A bit about the new class

I always enjoy browsing through the profile of our entering class each fall. While many broad attributes remain the same year to year, there are always a few interesting factoids and unique details that give each class its own character. One that jumps out from this year’s report is the slightly higher enrollment of men than women in the first year class. The split is within the typical range (52%/48%, in this case), but Laurie tells me that this is the first time in at least a dozen years in which men have outnumbered women in a class, and she has a remarkable depth of Fletcher institutional knowledge, so we’ll take her at her word.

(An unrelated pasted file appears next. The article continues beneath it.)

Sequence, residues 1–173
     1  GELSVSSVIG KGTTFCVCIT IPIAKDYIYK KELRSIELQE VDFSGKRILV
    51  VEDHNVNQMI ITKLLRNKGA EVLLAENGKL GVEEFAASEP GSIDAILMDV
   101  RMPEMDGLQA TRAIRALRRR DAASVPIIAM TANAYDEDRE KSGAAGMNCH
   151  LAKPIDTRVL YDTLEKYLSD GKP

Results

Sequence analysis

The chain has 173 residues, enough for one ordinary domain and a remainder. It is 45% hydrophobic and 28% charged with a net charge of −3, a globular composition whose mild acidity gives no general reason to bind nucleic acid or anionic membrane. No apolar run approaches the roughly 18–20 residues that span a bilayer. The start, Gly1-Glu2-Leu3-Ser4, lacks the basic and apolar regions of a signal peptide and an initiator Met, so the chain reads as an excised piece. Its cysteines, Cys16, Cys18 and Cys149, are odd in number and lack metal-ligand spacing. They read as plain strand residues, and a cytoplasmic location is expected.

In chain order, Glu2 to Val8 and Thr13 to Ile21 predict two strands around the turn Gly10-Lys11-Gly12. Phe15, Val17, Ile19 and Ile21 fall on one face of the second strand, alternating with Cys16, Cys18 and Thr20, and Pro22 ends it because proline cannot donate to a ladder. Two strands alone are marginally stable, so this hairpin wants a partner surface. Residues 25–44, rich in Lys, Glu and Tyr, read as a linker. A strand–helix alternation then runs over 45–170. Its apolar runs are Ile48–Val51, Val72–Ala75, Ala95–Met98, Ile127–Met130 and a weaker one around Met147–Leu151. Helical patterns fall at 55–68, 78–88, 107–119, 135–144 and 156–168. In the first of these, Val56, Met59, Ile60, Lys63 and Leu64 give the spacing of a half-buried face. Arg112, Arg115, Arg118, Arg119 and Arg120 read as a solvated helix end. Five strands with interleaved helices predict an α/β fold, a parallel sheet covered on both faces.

Other things haven’t changed much at all; the average age is 27 (I’ve never seen it veer further from that than 26), the international student population is around 40%, and those students represent several dozen countries. I’m selfishly happy to see an Ecuadorian student in the new class, continuing a several-year run of students from my Peace Corps alma mater (¬°Ecuador, si se puede!). In general, the list of represented nationalities is always my favorite part of this report. For me, it encapsulates so much of what’s special about Fletcher, and important about the pursuit of international affairs subjects. It’s a real pleasure to be reminded that I work in one of the very few places anywhere in the world in which I have a decent chance of bumping into a Chadian, a Peruvian, and an Indonesian student having coffee together or working on a group project. I’ll look forward to continuing to meet the newest members of the Fletcher community as the semester gets underway.

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